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New Year, New Me: Job Interview Tips for the New Year

Whether it's a one-on-one interview, a group interview, or the dreaded panel interview, these meetings can be nerve-wracking if not properly prepared. Start by reviewing this foolproof list before and after your next job interview to see if there's anything you need to improve.

With unemployment rates at the lowest levels in a dozen years, it’s a great time to look for a new job or a better job. CareerSource Palm Beach County can help you stand out at your job interview. Whether it’s a one-on-one interview, a group interview, or the dreaded panel interview, these meetings can be nerve-wracking if not properly prepared.

Start by reviewing this foolproof list before and after your next job interview to see if there’s anything you need to improve:

Before the Interview

  • Research: Learn everything you can about the organization and become familiar with what they do, what they care about and where they might be headed.
  • Social Media: Review all of your social media and delete anything that may be judged as unprofessional – such as pictures of you with a drink in your hand, angry posts, or videos of childish behavior.
  • Familiarity: Familiarize yourself with the most common interview questions and answers, your past employment history (you don’t want to contradict yourself!), and the job description of the position you applied for.
  • Resumes: Review your resume and edit it so that there are no typos or grammatical errors. Make plenty of copies!
  • Interview Toolkit: Every job seeker should carry at all times: a notepad, a nice pen, at least ten printed resumes, and your driver’s license.
  • Professional Attire: Prepare to dress for success in professionally appropriate attire. Even if the job you applied for is a “laid-back” profession that doesn’t require business attire, dress professionally to show that you are serious about getting the job.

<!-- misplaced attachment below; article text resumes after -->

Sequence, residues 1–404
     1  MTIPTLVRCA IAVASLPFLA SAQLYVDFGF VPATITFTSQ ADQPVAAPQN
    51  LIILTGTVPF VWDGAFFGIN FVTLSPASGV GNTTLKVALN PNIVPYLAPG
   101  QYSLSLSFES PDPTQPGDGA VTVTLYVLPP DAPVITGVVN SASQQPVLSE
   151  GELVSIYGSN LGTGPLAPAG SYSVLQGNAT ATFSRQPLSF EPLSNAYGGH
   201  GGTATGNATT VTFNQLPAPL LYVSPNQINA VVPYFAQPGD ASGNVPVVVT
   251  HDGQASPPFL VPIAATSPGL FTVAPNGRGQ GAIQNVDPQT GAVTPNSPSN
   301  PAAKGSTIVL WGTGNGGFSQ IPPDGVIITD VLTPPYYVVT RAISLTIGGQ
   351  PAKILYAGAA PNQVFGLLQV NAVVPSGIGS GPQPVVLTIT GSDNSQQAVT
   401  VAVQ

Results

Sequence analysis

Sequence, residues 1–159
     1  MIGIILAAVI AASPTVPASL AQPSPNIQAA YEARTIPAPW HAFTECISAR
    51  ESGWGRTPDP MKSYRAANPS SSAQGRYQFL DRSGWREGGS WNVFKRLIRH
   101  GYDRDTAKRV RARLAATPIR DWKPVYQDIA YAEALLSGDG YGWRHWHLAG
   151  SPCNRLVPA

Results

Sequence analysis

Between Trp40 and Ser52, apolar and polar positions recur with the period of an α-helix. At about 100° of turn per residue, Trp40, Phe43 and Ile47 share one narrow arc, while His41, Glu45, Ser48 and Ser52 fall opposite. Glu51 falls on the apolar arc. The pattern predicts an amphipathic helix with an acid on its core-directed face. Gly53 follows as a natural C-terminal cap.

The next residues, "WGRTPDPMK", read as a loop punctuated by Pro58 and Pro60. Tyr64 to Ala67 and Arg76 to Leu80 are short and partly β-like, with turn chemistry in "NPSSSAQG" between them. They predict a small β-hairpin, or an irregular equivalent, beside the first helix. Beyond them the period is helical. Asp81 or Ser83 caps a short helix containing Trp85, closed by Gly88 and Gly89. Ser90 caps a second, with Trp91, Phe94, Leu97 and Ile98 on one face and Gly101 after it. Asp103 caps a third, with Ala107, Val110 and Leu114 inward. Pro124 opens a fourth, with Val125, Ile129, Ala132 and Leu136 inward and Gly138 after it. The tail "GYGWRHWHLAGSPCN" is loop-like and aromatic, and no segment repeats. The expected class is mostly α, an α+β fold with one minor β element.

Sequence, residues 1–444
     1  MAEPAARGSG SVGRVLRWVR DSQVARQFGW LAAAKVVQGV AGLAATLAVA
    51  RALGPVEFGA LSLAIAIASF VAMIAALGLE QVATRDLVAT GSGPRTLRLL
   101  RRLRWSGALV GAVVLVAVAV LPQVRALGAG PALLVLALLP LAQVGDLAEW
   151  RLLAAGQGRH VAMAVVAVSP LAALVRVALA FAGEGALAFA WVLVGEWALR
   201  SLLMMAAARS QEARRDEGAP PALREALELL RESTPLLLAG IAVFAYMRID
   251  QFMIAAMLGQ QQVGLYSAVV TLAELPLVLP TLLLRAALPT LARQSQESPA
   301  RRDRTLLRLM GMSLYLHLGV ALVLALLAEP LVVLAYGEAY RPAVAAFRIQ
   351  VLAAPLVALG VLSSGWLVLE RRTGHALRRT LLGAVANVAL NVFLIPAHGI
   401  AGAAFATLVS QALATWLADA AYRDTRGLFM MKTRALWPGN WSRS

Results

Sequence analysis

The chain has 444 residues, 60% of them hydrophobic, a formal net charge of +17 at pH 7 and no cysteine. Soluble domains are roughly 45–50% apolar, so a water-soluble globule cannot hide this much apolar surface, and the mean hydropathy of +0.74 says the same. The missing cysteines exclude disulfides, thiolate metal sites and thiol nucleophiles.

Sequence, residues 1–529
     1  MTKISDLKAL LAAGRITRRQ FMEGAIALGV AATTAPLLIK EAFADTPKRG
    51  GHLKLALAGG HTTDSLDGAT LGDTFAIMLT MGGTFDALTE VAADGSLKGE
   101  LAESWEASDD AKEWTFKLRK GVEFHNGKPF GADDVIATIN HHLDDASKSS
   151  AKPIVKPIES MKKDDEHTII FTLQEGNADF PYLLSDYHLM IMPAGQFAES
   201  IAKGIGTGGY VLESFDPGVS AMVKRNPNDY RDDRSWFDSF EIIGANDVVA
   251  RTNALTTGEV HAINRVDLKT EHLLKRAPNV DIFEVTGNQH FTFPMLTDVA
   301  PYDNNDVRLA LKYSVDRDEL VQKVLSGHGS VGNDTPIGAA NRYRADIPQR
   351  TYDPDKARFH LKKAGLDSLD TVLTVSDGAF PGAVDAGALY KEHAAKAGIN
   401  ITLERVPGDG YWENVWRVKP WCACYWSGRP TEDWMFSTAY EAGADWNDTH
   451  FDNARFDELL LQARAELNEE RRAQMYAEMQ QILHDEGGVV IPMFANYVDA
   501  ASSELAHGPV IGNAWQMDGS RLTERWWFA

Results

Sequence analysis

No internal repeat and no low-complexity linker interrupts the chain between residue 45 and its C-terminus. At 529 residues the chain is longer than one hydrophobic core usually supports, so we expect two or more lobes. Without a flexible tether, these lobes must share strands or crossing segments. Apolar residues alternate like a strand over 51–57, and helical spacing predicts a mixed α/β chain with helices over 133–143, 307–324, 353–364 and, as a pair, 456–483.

During the Interview

  • Body Language: Don’t slouch, sit straight. Make sure not to cross your arms or legs in a stand-off manner. Smile and make eye contact with the interviewer. Body language is a form of communication. If you appear disinterested, unfriendly or untrustworthy, you’re less likely to get the job.
  • Your Voice: Control the tone and volume of your voice. When speaking with a potential employer, keep your tone in the mid-level range. You’re less likely to get hired if you’re too loud or too soft-spoken.
  • Responses: Respond to each question appropriately and avoid story telling. If you familiarized yourself with common interview questions ahead of time and had prepared answers, you’ll be more likely to get the job.

After the Interview

  • Follow Up: Did you follow up after the interview with a kind email or letter thanking them for giving you the opportunity to interview for the role? No matter what, always send a thank you note after your interview. Be brief and include a couple sentences about what you liked about the organization, any other questions you may have for the hiring manager and remember to ask politely when you can expect to hear back from them about their decision. It cannot hurt to ask! If you do not hear back from the employer, follow up with another email 7-10 days later.